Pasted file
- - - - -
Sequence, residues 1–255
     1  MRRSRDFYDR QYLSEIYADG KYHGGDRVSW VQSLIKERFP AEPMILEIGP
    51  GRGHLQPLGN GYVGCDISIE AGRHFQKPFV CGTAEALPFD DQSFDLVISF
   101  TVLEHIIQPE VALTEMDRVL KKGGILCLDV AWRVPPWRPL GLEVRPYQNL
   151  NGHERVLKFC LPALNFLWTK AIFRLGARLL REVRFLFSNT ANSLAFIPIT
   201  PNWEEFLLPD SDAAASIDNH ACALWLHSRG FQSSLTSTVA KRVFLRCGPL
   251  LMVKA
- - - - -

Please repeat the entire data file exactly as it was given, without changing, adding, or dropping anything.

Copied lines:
Sequence, residues 1–255
     1  MRRSRDFYDR QYLSEIYADG KYHGGDRVSW VQSLIKERFP AEPMILEIGP
    51  GRGHLQPLGN GYVGCDISIE AGRHFQKPFV CGTAEALPFD DQSFDLVISF
   101  TVLEHIIQPE VALTEMDRVL KKGGILCLDV AWRVPPWRPL GLEVRPYQNL
   151  NGHERVLKFC LPALNFLWTK AIFRLGARLL REVRFLFSNT ANSLAFIPIT
   201  PNWEEFLLPD SDAAASIDNH ACALWLHSRG FQSSLTSTVA KRVFLRCGPL
   251  LMVKA